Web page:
Which game did you have the most fun working on and can you explain why?
Fun is not the word to use to describe designing a video game. It was hard, exhausting, challenging work to design Adventure. I enjoyed doing it. I would call it satisfying. I liked having an idea, and then bringing it to life.
What was the first ever game you worked on?
I was interested in computer graphics when I was an undergraduate at Rice, and a grad student at Berkeley. I had heard about this company that was making video games (Atari) and just went down to Sunnyvale, went in the front door and filled out a job application. I wrote a paragraph about how I was perfect for them. That’s how I got started there.
I had never designed a computer game before getting the job at Atari. I had played board games. I had played sports. I knew what games were. Computer games were very new in 1977 when I got this job. My first game was Slot Racers for the Atari 2600 console which was released a year later for Christmas 1978. It was not all that great, but not bad for a first game. The thing is, most of the 2600 programmers were new to Atari and we each had to have a first game.
You were one of the founders of The Learning Company. Was it a tough decision to leave Atari and start your own company?
I quit Atari because I was being treated as a bad employee. Ironically, this was while I was inventing a new video-game genre and also because I was being denied public recognition and a share of the huge profits (for shame Atari! – Ed).
Leaving Atari and starting the Learning Company were independent decisions, separated by more than a year in time.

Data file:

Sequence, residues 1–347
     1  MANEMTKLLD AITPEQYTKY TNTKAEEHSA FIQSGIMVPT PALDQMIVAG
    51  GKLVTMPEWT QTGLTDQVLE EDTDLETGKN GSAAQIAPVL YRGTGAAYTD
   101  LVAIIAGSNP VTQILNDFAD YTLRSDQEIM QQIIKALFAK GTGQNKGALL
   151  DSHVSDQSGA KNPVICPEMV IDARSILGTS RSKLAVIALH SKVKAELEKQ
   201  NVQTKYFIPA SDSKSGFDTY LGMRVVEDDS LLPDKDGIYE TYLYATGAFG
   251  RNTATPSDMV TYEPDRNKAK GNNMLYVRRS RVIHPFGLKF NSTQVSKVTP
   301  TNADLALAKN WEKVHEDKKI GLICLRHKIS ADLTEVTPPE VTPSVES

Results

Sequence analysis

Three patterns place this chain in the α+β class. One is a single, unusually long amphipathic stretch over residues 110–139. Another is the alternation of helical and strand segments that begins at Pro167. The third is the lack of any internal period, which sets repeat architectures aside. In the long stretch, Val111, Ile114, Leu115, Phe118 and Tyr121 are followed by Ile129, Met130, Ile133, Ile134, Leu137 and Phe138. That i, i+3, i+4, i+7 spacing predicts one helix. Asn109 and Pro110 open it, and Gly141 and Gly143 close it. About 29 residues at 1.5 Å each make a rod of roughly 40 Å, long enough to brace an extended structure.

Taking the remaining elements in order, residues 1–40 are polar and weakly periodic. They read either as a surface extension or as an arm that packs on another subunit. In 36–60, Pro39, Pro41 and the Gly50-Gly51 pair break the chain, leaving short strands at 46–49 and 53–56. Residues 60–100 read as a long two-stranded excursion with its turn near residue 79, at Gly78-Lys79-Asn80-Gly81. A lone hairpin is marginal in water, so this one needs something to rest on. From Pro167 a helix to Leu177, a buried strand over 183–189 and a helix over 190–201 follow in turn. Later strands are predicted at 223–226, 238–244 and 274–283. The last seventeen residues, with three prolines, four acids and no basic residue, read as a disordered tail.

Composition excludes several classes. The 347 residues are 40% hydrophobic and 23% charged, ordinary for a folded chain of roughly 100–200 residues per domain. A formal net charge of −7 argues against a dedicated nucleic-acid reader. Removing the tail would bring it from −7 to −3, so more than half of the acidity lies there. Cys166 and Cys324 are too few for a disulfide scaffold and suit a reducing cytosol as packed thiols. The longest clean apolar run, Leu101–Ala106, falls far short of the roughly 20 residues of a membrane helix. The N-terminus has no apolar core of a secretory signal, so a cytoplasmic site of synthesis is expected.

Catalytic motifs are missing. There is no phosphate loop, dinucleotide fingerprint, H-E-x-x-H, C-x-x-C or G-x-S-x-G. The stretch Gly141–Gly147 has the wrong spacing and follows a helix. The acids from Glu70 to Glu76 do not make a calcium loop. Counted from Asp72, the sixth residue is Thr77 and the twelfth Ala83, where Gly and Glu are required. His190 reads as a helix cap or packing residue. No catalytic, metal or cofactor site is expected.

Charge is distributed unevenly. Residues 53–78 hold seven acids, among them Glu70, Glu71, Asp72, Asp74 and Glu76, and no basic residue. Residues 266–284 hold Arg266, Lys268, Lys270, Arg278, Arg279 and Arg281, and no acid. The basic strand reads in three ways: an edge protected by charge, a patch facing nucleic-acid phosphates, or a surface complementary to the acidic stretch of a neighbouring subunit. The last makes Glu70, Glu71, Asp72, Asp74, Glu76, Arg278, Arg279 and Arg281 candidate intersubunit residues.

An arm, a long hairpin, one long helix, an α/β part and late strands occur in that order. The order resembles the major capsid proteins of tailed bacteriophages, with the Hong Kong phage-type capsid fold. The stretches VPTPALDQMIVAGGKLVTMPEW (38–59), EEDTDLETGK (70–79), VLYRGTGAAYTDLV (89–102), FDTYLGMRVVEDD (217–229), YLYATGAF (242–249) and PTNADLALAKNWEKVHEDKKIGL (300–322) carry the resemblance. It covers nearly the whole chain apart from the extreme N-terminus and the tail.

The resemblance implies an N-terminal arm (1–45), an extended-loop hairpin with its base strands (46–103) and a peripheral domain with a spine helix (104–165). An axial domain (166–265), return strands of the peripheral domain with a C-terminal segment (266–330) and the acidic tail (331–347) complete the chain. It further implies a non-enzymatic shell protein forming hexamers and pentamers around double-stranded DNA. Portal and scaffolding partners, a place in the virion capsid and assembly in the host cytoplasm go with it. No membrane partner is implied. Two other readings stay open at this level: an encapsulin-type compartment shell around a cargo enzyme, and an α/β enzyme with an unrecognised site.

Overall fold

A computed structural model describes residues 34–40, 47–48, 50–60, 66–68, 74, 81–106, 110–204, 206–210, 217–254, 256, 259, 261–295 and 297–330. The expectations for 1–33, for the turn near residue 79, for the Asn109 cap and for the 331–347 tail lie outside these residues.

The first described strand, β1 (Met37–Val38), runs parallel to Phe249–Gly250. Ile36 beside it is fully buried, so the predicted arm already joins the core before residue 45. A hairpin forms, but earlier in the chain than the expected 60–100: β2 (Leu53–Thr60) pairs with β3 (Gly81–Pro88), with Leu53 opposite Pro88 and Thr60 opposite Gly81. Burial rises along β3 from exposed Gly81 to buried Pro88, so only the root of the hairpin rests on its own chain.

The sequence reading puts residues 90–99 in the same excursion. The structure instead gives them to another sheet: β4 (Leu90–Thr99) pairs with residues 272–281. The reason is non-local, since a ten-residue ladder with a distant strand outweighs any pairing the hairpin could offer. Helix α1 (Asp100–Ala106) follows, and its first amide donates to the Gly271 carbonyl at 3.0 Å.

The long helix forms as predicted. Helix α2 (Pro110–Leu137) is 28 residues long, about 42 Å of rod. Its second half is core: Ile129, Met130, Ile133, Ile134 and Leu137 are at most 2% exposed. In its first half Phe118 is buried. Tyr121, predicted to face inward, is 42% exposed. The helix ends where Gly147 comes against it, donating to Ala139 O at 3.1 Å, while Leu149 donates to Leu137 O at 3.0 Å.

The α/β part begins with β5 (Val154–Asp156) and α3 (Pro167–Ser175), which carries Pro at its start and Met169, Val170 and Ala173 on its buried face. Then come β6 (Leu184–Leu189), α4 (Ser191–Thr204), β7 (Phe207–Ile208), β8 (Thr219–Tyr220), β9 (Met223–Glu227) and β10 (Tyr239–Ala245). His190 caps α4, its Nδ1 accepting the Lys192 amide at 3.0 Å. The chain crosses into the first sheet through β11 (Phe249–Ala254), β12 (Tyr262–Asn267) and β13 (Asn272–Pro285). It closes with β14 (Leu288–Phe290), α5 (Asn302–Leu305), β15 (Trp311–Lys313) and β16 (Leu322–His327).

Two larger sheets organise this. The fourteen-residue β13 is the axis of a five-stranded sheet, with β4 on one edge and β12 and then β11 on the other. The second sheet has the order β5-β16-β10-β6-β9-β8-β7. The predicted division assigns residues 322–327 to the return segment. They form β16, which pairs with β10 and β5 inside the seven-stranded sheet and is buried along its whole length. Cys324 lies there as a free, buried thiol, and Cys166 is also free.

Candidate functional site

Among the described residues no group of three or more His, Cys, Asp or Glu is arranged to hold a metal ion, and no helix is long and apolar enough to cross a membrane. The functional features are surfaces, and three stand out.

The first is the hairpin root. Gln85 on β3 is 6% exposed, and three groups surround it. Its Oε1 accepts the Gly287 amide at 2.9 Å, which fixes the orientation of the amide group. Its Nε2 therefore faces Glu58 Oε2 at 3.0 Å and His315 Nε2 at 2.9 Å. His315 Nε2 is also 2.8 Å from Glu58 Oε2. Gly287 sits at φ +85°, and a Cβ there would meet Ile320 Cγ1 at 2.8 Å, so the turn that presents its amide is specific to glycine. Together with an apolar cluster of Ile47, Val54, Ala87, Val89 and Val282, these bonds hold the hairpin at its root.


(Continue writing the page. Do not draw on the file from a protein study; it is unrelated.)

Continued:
Rocky’s Boots is rightly regarded as one of the top educational titles made in the 1980’s. How easy was it to create this game and is it true that this game was originally planned as the sequel to Adventure?
After conceiving, implementing, and releasing three game cartridges for the Atari 2600 system, I was a pretty experienced game designer. I was also a very experienced programmer at assembly-language programming on the 6502 processor. This processor was used in both the Atari 2600 game system and the Apple II computer, which was what Rocky’s Boots was first implemented on. Even with a good skill set, it was not easy. I was pushing the envelope.
Yes, it was supposed to be a sequel to Adventure in which you built machines to defeat the monsters. But the many constraints of being in a start-up company forced me to implement something less ambitious which actually turned out pretty well.
What projects are you currently working on?
I have spent the last two years writing a book about the implementation of Adventure. It is called The Annotated Adventure, and I hope to release it soon. There is more information about the book on my website, warrenrobinett.com.
I am thinking about finally now doing the sequel to Adventure, which I have never yet managed to do.
Sign us up Warren! Thanks so much for stopping by and we wish you all the best in your future endeavours and that long awaited sequel!